Enjoy life today, because yesterday is gone and tomorrow is never promised!
The freedom it has given us is amazing! The kids are enjoying their lessons for the most part and they finally have time to just be kids—no homework to take over their afternoons, no stress over getting up early or missing assignments.
Both Bella 3rd grade and Alex K are working at grade level in certain subjects and are either ahead or behind in others, and having the freedom to mix and match levels as needed has been a huge blessing. I use it as a starting point to plan our studies and to keep us on track. History As I explain in our educational philosophy, history is at the core of our studies and is used to tie everything together.
History for the Classical Child Volume 1: Ancient Timesby Susan Wise Bauer, as our main text and supplementing with history encyclopedias and loads of books on the topics, events and people we encounter.
As the title suggests, The Story of the World recounts history in the form of a story, doing an excellent job of keeping younger children engaged and connecting events together into a cohesive picture. We use the accompanying Activity Guide for related map work, crafts and other fun projects.
It takes the same narrative approach that makes history not only interesting but also very entertaining! I highly recommend these books if, like me, you never really grasped history in school.
She likes it so much better! Alex has an easier time with math and finished the Math Mammoth K program pretty quickly.
We all love these! They follow a quirky storyline where math is used in real-life well, sort of real-life situations. It allows the kids to make the connection between math and how it can be used in daily life. Alex has also been using the Star Wars math workbooks by Brain Quest.
These are fantastic for Star Wars nerds like us! This is a very no-frills approach that works well for some kids, but my creative daughter is bored to death with it. She needs color in her life. After looking it over I think all of the kids will do great with it!
It seems similar to Life of Fred in that it uses an entertaining storyline to teach grammar, and it presents some pretty advanced concepts in a non-intimidating way. I definitely learned some new things when I read through it!
The program also includes a writing, vocabulary and poetics component. It gives a weekly list of 20 words and daily activities to help learn them, plus a test at the end of the week. Not fancy but it gets the job done. Reinforcing Cursive for her while Alex finishes up the beginning manuscript book from the same series.
Bella absolutely loves writing, especially creative writing. The idea is that you expose kids to examples of good classic literature so they get a feel for what good writing looks and sounds like.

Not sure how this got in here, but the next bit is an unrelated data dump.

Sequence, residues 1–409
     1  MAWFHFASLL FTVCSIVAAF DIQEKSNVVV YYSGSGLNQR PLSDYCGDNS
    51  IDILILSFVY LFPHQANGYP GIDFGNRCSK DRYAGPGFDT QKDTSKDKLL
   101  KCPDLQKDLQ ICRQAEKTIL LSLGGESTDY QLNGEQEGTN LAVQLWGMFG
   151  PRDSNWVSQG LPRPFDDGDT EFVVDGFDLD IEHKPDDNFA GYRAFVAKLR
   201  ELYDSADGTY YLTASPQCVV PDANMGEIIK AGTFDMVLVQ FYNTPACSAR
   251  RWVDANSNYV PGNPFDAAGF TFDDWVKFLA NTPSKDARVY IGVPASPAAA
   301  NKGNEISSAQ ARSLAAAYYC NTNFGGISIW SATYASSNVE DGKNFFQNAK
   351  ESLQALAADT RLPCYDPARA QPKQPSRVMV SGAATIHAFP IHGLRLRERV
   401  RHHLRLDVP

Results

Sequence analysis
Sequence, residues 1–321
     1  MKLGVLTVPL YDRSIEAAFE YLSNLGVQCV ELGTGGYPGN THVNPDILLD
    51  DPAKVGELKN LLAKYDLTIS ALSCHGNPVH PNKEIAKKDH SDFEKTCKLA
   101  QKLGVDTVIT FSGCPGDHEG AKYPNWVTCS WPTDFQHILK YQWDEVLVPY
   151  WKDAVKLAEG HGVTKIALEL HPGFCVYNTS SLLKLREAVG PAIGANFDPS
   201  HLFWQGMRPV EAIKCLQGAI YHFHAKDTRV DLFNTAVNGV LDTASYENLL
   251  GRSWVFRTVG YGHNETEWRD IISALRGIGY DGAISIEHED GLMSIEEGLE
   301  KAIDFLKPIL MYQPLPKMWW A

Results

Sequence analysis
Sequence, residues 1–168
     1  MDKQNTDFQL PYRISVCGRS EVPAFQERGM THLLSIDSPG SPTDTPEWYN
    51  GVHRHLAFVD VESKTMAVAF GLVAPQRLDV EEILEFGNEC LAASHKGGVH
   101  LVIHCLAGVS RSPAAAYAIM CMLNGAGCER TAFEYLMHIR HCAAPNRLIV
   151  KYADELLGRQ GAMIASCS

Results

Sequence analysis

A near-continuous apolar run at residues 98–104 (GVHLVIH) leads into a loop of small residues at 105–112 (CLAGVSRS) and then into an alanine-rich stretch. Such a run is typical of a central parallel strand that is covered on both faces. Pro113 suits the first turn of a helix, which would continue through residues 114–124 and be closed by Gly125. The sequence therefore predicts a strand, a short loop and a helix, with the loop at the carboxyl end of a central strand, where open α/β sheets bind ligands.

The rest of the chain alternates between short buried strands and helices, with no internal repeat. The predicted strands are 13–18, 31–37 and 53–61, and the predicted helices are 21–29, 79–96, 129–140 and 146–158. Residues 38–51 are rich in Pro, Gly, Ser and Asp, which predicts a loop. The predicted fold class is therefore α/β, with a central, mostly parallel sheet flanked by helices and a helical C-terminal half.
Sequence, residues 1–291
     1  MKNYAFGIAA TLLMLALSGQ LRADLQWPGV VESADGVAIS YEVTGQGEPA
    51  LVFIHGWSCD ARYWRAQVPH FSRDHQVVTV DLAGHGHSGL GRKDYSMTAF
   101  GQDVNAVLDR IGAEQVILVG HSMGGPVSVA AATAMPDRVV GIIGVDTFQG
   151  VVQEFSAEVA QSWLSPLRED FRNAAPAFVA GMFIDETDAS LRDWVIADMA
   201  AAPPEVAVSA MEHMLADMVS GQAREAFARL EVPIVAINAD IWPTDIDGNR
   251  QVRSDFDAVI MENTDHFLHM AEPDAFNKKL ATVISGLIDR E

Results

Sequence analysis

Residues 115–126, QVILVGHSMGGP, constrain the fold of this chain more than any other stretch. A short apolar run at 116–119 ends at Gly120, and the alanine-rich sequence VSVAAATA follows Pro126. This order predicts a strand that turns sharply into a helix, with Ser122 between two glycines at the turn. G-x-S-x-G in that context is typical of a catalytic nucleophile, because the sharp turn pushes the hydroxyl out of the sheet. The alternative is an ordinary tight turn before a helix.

Bella really enjoys this. It combines writing and grammar into one beautifully designed worktext, allowing students to learn grammar rules in context. I read aloud to them and have them each read for at least minutes on their own with a book of their choice every day.
These are sets of phonetic readers that advance in difficulty with each level so they gradually build up decoding skills. They also teach sight words. Alex loves the silly stories and pictures, and that he can read whole books on his own. Then I realized doing art for myself and teaching art to kids are very different things!Philosophy has shaped the world.
From science to politics, the great philosophers challenged the ways that we see things. And while you probably know many famous Greek philosophers, the list of philosophers is much longer than that.
Whether philosophy makes ‘progress’ in a similar way is controversial, but insofar as it does being born early with more (and relatively easier) ‘great breakthroughs’ have yet to be made is an advantage. In life there are good times and bad.
There are ups and downs. How you deal with the struggle of life depends on your philosophy. The trick is to keep it simple.
Find a philosophy that's right for you. Mar 12, · As I explain in our educational philosophy, history is at the core of our studies and is used to tie everything together.
We’re using The Story of the World: History for the Classical Child Volume 1: Ancient Times, by Susan Wise Bauer, as our main text and supplementing with history encyclopedias and loads of books on the topics, .
Is There a God?
by Bertrand Russell (commissioned by, but never published in, Illustrated Magazine, in ) The question whether there is a God is one which is decided on very different grounds by different communities and different individuals. The Last Earth presents eight personal stories, I shall touch only upon three stories, The Spirit of the Orchard, Death Note and Letters to Heba and leave the remaining five for your discovery.